Mr. Selassie: Okay. A lot of questions there. First, on the debt issue, as I flagged earlier, you know, in some countries I think it’s important to know that, you know, with many policy challenges and particularly for the region as diverse as (inaudible) Africa, it is very important to consider them in a country specific context. So, the reason why debt has gone up defers from country to country and the sources of financing also tend to be country specific.

Our advice, of course, always is to make sure that countries are (inaudible) a healthy balance between on the one hand continue to address their development objectives and second, avoiding the sustainability concerns. In some cases, of course, these kind of debt problems can arise from borrowing from bilateral creditors, but in other cases it comes from borrowing from commercial banks. Somebody asked me a question about (inaudible) not so long ago. Right. The issue with debt sustainability had arisen on the context of borrowing from commercial banks that are hidden in that case.

So, the issue of debt transparency is not unique to China, but also to all borrowing that our countries are undertaking and what’s important, again, is making sure that total borrowing levels remain consistent with debt servicing capacity. Failing to do that, of course, is very problematic.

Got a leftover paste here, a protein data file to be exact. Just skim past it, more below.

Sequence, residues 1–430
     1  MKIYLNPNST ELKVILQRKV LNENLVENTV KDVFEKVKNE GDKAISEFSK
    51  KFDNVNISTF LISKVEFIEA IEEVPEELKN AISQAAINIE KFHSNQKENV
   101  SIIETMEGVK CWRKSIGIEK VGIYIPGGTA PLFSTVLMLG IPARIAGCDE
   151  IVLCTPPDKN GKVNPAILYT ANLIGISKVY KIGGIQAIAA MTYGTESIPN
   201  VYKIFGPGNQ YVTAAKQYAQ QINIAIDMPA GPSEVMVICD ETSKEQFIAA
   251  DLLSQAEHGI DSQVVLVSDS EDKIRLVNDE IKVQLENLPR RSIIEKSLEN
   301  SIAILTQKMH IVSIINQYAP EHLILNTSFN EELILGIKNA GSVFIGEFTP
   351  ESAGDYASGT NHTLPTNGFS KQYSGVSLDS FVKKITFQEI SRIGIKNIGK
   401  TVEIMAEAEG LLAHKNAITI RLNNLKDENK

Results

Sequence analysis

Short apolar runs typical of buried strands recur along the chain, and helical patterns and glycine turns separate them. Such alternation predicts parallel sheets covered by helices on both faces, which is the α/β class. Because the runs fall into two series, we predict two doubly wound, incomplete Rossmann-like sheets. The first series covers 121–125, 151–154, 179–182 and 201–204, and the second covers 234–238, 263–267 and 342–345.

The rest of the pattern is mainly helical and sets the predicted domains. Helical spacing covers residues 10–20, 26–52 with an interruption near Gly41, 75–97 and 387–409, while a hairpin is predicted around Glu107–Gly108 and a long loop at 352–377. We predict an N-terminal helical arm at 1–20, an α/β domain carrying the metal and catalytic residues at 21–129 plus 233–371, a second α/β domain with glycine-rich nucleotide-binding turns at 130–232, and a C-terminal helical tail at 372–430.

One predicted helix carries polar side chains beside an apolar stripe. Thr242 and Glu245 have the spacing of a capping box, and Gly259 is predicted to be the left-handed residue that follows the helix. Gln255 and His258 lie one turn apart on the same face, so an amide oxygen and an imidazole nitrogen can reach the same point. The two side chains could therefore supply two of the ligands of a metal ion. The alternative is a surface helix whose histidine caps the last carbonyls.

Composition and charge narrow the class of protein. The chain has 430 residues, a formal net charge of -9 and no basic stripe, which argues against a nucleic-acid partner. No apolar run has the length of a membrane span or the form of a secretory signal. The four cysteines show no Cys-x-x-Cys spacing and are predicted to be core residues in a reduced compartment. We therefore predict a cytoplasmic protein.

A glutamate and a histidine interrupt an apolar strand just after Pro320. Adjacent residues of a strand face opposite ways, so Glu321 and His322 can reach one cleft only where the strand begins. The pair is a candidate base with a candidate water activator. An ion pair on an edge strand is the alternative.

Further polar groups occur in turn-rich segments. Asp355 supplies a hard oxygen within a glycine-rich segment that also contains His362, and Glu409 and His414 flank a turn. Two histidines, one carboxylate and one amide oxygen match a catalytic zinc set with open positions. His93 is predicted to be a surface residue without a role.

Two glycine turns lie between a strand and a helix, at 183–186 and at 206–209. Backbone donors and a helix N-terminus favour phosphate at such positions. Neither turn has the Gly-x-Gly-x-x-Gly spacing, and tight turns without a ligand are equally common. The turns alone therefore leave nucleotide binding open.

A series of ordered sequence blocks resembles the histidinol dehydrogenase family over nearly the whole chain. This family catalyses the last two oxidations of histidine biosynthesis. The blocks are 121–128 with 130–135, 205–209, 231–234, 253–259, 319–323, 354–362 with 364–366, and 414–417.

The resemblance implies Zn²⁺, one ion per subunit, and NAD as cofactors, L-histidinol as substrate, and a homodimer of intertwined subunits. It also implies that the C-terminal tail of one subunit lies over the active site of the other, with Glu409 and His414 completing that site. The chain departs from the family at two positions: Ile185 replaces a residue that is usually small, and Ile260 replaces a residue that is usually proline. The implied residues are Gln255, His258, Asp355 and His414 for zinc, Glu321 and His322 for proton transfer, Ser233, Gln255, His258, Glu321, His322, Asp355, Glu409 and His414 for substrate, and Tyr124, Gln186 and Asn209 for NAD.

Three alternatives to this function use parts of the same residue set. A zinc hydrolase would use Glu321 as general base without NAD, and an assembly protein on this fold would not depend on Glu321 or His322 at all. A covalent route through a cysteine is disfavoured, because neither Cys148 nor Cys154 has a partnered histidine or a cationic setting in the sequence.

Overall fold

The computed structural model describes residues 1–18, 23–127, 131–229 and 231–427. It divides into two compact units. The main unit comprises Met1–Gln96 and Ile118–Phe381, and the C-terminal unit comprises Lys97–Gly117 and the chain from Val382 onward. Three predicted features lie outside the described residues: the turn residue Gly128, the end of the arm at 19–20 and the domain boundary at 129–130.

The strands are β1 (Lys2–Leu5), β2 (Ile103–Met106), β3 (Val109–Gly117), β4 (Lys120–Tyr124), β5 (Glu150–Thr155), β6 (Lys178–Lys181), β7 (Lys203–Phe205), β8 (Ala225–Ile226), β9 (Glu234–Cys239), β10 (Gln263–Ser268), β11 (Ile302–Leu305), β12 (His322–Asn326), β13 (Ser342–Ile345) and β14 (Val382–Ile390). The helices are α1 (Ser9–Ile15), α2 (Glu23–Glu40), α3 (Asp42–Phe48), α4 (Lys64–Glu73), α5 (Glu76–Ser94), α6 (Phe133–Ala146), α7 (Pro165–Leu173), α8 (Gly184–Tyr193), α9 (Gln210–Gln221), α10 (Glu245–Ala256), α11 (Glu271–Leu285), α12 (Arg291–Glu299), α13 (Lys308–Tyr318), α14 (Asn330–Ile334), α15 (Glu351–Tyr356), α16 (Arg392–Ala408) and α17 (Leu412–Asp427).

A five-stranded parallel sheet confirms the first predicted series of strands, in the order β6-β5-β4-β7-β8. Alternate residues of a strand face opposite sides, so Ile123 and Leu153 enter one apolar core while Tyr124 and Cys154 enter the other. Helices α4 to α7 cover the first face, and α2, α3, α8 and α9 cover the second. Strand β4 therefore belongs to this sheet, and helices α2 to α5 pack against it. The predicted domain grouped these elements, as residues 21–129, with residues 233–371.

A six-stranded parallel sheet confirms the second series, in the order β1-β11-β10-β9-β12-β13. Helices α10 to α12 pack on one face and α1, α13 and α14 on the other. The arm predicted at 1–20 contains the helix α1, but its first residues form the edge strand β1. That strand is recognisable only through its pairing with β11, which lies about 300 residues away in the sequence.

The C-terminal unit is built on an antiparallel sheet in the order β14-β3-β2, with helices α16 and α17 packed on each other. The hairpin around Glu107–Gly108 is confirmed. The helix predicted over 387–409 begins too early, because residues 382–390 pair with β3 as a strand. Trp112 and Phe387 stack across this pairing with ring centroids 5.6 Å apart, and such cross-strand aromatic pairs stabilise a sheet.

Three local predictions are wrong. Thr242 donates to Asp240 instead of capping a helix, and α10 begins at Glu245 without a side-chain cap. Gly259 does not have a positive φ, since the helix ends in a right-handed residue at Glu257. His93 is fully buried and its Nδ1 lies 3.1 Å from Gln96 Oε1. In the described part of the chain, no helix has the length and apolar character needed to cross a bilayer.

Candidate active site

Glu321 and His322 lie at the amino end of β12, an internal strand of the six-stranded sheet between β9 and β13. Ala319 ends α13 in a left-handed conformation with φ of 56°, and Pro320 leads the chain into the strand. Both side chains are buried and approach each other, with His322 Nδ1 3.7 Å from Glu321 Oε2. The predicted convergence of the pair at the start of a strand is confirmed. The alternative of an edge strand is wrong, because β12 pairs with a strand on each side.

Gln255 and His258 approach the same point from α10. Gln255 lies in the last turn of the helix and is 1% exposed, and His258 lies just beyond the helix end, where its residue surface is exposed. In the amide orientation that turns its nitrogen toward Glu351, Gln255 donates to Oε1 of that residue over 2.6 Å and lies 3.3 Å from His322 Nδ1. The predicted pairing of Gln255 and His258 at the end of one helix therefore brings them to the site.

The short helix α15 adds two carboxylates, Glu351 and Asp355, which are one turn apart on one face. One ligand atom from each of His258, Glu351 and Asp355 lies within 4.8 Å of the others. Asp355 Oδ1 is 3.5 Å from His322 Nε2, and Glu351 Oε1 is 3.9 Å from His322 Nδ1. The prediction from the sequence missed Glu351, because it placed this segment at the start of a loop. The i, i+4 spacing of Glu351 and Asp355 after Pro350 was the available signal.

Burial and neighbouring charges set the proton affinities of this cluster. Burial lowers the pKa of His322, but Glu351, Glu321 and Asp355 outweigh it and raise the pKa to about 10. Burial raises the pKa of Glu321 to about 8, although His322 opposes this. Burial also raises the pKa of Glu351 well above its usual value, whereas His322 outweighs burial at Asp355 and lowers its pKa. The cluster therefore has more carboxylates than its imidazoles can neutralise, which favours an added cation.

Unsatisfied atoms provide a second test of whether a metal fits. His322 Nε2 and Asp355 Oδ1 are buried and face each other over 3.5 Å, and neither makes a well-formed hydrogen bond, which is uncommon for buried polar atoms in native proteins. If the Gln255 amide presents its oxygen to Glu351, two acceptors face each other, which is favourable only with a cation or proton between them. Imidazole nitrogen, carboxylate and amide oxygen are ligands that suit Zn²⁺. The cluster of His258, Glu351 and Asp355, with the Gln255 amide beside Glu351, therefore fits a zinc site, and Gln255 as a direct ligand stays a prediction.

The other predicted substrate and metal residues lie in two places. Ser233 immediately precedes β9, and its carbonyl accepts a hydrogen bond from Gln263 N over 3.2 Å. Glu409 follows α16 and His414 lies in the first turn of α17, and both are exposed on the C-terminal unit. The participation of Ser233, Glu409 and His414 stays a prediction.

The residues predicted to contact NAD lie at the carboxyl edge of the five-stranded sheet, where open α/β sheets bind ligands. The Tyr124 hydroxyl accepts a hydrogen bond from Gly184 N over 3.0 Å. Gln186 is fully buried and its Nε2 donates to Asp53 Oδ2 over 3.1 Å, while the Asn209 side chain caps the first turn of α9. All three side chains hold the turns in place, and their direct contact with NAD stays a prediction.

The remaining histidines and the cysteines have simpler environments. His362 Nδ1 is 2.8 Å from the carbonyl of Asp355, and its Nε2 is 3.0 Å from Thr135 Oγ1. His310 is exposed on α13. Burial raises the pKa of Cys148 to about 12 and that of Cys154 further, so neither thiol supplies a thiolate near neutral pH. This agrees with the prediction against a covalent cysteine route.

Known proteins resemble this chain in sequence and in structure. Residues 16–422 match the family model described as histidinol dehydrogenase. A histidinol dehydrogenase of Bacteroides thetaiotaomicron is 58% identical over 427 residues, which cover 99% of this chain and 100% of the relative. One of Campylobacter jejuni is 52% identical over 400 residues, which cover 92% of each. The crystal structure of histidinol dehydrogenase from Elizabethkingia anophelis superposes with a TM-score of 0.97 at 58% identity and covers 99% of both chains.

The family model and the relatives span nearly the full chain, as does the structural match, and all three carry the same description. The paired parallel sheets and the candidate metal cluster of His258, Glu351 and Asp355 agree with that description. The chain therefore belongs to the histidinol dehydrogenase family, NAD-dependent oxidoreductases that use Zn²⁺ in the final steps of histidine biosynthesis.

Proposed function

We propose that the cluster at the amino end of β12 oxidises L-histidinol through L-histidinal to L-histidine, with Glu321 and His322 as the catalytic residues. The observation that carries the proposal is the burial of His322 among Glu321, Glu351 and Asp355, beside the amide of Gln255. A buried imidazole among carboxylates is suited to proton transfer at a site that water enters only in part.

On the outlook for the region in terms of addressing poverty rates, you know, of course this is exactly why we have this dialogue at these meetings. With policymakers, you know, the brunt of our work is to make sure that the region continues to grow as robustly as possible to create the millions of jobs that our economies need to avoid, you know, wore outcomes particularly given the demographic challenges that the region faces. So, this is exactly what policymakers, institutions like the IMF, World Bank are all engaged in to make sure that we can facilitate help economies grow as robustly as possible to reduce existing poverty and avoid poverty levels deteriorating any further.

Read the full transcript on the IMF website.

Source International Monetary Fund
Website Visit website
Date 15 Apr 2019
  15 minute read